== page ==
Former President Donald Trump expressed concern about high interest rates and suggested that if he were to serve another term, he might pressure Federal Reserve Chair Jerome Powell to implement looser monetary policies. Trump made these remarks during an interview on NBC’s “Meet the Press,” where he also hinted at the possibility of removing Powell from his position. He argued that high interest rates prevent people from buying homes and borrowing money, and stated that he would consider influencing Powell to lower rates depending on inflation levels.
This situation reminds us of the contentious relationship between Trump and Powell during Trump’s presidency from 2017 to 2021. Trump frequently used Twitter to criticize Fed officials, calling them “boneheads” and comparing Powell to an inept golfer. These criticisms were made while the Fed was raising interest rates between 2018 and 2019. Trump claimed that he exerted pressure on Powell, leading to a decrease in interest rates. In fact, the Fed started reducing rates in 2019, eventually bringing its benchmark borrowing rate close to zero when the Covid-19 pandemic hit in March 2020. It is worth noting that Trump appointed Powell in 2018 to succeed Janet Yellen, who became Treasury secretary under President Joe Biden.
When asked if he would consider replacing Powell if re-elected in 2024, Trump was noncommittal, saying that Powell would have two years remaining in his term. Trump mentioned his strategy of “jawboning” against Powell, which he believes influenced the Fed to lower interest rates. According to Trump, this resulted in a thriving housing market and increased home purchases. However, he expressed concern about the current state of affairs, highlighting rising consumer prices and the increased cost of food.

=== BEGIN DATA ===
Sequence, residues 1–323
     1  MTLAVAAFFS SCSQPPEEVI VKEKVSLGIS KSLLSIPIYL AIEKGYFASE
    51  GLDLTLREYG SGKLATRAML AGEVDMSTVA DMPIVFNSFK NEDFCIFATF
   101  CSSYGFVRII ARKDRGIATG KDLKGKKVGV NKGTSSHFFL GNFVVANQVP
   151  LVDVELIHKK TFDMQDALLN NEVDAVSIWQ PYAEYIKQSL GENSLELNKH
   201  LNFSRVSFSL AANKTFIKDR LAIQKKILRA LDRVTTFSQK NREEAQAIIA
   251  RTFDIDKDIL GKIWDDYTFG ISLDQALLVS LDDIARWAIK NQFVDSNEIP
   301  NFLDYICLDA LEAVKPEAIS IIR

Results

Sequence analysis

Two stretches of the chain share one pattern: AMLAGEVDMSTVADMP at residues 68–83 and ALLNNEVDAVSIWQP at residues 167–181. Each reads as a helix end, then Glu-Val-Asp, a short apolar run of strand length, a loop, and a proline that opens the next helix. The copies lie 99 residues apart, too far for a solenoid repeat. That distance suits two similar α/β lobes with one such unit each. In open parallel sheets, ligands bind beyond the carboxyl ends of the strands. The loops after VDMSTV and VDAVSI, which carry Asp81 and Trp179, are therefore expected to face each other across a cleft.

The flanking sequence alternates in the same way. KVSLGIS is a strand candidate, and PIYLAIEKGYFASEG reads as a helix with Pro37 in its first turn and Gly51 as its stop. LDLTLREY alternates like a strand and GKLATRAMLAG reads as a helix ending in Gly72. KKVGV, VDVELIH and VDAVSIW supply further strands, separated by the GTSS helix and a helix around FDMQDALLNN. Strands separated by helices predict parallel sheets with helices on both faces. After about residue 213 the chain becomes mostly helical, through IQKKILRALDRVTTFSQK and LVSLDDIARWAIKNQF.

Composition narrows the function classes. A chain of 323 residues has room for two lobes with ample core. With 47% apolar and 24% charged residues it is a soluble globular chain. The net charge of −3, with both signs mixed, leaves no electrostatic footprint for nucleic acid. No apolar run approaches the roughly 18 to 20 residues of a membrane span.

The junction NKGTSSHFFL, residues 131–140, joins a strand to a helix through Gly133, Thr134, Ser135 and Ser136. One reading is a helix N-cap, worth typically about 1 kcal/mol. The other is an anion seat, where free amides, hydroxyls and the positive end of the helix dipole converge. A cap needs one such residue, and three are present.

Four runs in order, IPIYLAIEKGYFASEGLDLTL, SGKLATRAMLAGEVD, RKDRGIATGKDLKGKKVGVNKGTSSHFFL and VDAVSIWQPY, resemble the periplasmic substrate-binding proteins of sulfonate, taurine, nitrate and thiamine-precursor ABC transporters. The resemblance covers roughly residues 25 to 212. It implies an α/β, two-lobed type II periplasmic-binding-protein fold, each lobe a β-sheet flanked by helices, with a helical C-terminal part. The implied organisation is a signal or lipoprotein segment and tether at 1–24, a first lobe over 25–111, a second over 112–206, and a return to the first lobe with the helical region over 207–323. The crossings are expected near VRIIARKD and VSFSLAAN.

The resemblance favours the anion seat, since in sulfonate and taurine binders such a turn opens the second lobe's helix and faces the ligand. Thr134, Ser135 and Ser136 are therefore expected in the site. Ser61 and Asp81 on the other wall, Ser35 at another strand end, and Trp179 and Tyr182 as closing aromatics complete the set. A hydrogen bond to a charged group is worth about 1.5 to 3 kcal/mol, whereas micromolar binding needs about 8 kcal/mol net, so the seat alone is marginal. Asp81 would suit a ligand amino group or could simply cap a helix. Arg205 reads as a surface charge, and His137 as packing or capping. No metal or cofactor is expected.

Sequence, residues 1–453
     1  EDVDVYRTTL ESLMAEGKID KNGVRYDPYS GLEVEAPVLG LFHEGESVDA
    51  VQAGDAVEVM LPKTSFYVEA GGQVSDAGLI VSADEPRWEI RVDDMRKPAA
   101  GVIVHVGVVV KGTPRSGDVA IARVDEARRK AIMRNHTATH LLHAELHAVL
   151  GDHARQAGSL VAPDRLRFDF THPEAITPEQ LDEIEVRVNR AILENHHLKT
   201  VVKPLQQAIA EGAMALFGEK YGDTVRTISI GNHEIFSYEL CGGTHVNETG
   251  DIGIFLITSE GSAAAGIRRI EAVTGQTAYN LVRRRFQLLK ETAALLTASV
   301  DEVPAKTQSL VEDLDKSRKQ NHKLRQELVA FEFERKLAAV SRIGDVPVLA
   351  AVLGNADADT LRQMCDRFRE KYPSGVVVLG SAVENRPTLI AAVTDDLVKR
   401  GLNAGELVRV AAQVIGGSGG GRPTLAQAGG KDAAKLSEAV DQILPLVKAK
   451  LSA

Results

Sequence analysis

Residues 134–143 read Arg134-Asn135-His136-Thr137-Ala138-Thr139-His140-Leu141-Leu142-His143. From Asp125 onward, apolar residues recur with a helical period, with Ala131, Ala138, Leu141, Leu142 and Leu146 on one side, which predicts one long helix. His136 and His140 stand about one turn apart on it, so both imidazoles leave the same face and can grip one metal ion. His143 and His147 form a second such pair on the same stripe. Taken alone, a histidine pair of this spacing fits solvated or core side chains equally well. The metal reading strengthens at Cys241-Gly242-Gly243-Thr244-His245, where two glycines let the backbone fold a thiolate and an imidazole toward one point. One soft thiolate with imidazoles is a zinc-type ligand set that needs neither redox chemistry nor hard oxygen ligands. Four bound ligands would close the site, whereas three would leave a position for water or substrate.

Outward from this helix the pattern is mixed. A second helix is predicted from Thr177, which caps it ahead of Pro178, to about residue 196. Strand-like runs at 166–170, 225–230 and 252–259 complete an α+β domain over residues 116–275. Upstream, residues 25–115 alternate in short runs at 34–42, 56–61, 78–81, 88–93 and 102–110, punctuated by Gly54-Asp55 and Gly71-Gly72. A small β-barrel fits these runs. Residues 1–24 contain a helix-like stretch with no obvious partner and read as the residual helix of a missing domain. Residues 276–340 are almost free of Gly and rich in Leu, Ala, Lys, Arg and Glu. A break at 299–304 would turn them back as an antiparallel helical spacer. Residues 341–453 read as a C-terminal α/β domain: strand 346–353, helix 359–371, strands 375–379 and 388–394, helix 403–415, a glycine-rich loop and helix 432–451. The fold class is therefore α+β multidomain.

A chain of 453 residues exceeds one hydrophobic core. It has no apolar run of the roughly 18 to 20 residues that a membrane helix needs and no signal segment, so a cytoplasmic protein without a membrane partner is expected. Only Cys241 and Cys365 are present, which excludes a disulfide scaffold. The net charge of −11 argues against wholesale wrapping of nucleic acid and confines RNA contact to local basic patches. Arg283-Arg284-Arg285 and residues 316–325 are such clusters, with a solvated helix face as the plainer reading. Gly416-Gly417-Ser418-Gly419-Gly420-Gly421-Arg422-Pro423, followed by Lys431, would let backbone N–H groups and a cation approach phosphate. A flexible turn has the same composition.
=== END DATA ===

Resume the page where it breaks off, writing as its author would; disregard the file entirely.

During the Biden administration, inflation has become a significant issue, contrasting with the relatively stable inflation rates observed during Trump and Barack Obama’s presidencies. Under Biden, the consumer price index has risen over 16% in just over two and a half years, compared to less than half that during Trump’s entire presidency. Economists generally agree that the foundation for higher prices was established during the early stages of the Covid-19 crisis. Supply chains froze, consumer demand shifted from services to goods, and trillions of dollars were injected into the economy through stimulus measures implemented by Congress and the Fed to counter the pandemic’s economic impact.
Trump pledged to tackle inflation by promoting energy independence and reducing debt through increased oil drilling. He emphasized the need to lower inflation and mentioned the upcoming meeting of the Federal Reserve, where interest rates are expected to remain unchanged. Powell’s term as Federal Reserve Chair expires in February 2026.